I thought I was upgrading my iPhone a few months ago. But that’s not all that got upgraded.
If you don’t think technology can improve your trip, meet Judy Williams. When she and her husband recently checked into the Radisson Blu Hotel in Zurich, a clerk asked them to sign the dotted line on a room rate hundreds of dollars higher than their online confirmation.
Tomas Stockton is offered a “free” iPhone 5 from AT&T. So why isn’t he getting it?
Question: I recently spoke with an AT&T representative via chat about a billing issue with my U-verse Internet account. After resolving the issue, she offered me wireless service.
At first I declined, stating that I was happy with my current carrier. But the representative persisted and offered me a family plan consisting of four lines of service and four “free” iPhone 4s’s for $179 per month with all taxes, surcharges and fees included.
Then I asked about the iPhone 5s and the representative stated that I could switch all of my iPhone 4s’s to the new iPhone 5s’s for free after 30 days. I was very skeptical and told her to contact me in 10 days. I printed our chat session as evidence.
A few days later, I called AT&T and spoke with a different representative and explained the offer. After I told her that I had it in writing, she agreed to honor it. She said that after 30 days, all I had to do is walk into an AT&T corporate store and pick up my free iPhone 5s’s.
Sprint promises it will unlock Bill Fuller’s iPhone. Why won’t it?
Question: I have two iPhone 4S smartphones that I bought in 2011 under a two-year contract with Sprint. I made my final contracted monthly payment earlier this month. Both phones are now fully paid for and ostensibly are my property.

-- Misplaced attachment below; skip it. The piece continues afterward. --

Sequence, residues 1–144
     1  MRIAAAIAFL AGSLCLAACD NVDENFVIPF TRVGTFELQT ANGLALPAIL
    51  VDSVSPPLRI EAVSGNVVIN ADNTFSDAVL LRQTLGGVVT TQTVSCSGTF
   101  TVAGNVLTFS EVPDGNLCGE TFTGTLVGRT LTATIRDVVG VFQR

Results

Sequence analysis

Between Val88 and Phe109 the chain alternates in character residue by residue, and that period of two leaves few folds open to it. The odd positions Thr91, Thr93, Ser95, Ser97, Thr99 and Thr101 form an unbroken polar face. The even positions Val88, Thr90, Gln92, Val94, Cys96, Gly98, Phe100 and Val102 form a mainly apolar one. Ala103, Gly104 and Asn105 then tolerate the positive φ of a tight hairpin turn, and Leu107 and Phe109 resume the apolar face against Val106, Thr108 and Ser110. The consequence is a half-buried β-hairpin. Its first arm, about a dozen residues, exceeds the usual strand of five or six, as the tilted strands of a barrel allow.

Sprint’s service coverage has been largely reduced in my area and I have frequent dropped calls and very low 3G speeds.
I recently received a notice from Sprint that on-network coverage in parts of Eastern Colorado and Western Kansas, (including along the I-70 Corridor), Southwest Kansas and Oklahoma Panhandle will change to roaming (off-network). Customers with Sprint-branded devices will be impacted when using services in the affected areas.
I have been a Verizon customer for approximately 10 years. For the past two years, I have had an iPhone that uses their 3g network for data. My relationship with Verizon was fine up until this point.
The area in which I live is highly seasonal and the population grows by 3.5 million in the summer months. Verizon’s 3g network can not handle this and I do not get data coverage from Friday nights until Monday morning all summer long. This issue is even prevalent in the off season when there are a lot of people around (malls at the holiday, etc.). However, I test my phone next to someone with another carrier and their phones work fine, no matter where.